Hudgell Solicitors’ specialist police claims team have secured damages of £3,750 for a man who was unlawfully arrested and held in custody for 21 hours by the Metropolitan Police after voluntarily attending at a police station.
The man had received a phone call from his daughter that day informing him that police officers had called at his home asking to speak to him about allegations of criminal damage made against him.
As a result, he telephoned the police to inform them he was leaving for Scotland that evening to attend a college course, but agreed to voluntarily attend at the nearest police station before doing so.
However, when he arrived at Barnet Police Station at around 5.30pm, rather than sitting him down for questioning under caution, he was arrested on the spot on suspicion of causing criminal damage.
He then spent 21 hours in custody, without being charged, and never subsequently facing any charges at all.
Victim tells of ‘hell’ of being unlawfully arrested and held in a police cell
“It was ridiculous and I was in complete shock. I would have never have believed that the police could act as they did had it not happened to me,” said the man, who has asked for only his first name, Isaac, to be used.
“It was alleged that I’d damaged the lock on the door of the home I’d shared with my now ex-wife, when in fact I’d actually removed it in order to replace it to make sure all family members had a key and access in and out of the home, and this was within the tenancy agreement. Not everybody had a key for the old lock and that would have been dangerous in an emergency.
“I’ve never been in trouble with the police, but when I arrived at Barnet Police Station the officers said they needed to take me to Collingdale Police Station and they weren’t prepared to talk to me at all. They didn’t treat me with any dignity or respect. It was like I was simply a bit of cargo being delivered to the next station.”
On arrival at Collingdale, the man was locked in a cell and not interviewed until the late hours of the morning.
“It was a hell. I had nothing to eat, I was offered food and water but I had no appetite. I only had water. I couldn’t sleep and until when I was interviewed I kept asking why on earth someone would be locked up for changing a lock on a door of his home,” he said.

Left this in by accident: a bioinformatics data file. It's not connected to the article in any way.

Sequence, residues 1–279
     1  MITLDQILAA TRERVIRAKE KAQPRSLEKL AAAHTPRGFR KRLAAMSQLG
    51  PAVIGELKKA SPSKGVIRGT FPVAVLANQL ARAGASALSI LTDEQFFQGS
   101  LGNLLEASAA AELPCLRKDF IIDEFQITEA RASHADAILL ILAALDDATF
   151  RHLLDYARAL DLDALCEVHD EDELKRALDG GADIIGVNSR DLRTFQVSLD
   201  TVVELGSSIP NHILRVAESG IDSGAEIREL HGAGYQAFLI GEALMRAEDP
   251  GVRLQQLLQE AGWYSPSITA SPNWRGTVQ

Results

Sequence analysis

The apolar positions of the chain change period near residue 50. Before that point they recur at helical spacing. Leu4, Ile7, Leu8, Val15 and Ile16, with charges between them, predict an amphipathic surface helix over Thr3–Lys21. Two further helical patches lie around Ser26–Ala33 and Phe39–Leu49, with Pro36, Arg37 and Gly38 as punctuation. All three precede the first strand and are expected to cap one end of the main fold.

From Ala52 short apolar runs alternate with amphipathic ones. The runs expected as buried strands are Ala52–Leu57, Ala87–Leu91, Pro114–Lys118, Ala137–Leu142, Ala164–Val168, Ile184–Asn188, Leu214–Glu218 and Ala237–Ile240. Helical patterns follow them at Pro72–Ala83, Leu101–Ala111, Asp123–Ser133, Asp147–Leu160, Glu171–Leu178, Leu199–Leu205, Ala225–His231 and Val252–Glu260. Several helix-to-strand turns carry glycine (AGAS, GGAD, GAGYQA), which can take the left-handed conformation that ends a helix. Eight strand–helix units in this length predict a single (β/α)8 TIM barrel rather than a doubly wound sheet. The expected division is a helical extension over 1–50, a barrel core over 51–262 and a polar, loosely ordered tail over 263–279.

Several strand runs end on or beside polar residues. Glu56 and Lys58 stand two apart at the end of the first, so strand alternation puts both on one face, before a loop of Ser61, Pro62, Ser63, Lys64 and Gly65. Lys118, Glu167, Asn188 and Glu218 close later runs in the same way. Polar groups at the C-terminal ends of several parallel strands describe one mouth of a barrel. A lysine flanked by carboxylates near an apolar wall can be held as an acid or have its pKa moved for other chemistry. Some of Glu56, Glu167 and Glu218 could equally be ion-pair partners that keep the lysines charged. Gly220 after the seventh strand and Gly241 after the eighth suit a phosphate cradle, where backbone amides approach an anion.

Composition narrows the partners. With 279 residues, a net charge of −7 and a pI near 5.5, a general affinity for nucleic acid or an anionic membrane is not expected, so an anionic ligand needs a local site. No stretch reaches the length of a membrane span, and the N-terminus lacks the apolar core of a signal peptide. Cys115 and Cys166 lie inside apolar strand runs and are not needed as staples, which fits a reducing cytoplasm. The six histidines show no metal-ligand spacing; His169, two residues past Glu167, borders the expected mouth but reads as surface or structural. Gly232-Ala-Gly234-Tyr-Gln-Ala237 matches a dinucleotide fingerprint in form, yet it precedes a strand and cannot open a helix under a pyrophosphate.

“The duty solicitor told me to answer ‘no comment’ to every question, which I did, and in total I spent 21 hours under arrest, despite doing exactly as asked to help them.”
Police denied wrongdoing but victim contacted IPCC and sought legal advice
Having eventually being released and told no further action would be taken, Isaac himself decided to take the matter further.
“I wasn’t happy and I wrote to the police force to complain about their treatment of me,” he said.
“I initially got a letter back from the force’s appeals officer saying that the officers had acted appropriately and had not done anything wrong, and that is why I went to the Independent Police Complaints Commission (IPCC) and took legal action.
“The powers of arrest given to the police are not for things like this. They can’t just lock people up on the most trivial of matters. I am glad I took legal advice and I am happy that they have now been held to account for their actions.”
Legal case resulted in offer of damages for unlawful arrest and detention from Met Police
The case was handled day to day by Jade Garner of the Hudgell Solicitors Civil Liberties department, and overseen by specialist Andrew Petherbridge, who said it was a familiar situation in cases handled by the firm, and one which is completely unacceptable.
“Unfortunately we see this quite often in our work handling claims against the police and it is completely unacceptable,” he said.
“When people who are willing to attend at police stations voluntarily they deserve the right to be treated responsibly and fairly. This is crucial if trust is to be maintained between police forces and the people they serve.
“In this case, there was no need to arrest at all before questioning. There was obviously no threat of him absconding, or of intimidating anyone else in the case as he was there at the station of his own accord and happy to take questions.
“Police forces need people to be willing to do as our client did in this case, but if they are to be treated in this manner, fewer people will be willing to attend of their own free will, putting a greater strain on resources and time.
“There has to be reasonable grounds and a genuine reason for arresting someone and detaining them in custody, and forces must follow set procedures to stay within the law themselves.
“Our client was right to make an official complaint, and take it further by seeking independent reviews of his arrest, and legal expertise.
“It is telling that, within a matter of weeks of us submitting legal papers to the Metropolitan Police in this case, we received an offer of damages. That offer was lower than we felt it should be and as a result we were able to secure a higher settlement for our client.
“This should not be happening though and needs to be challenged, as our client did.”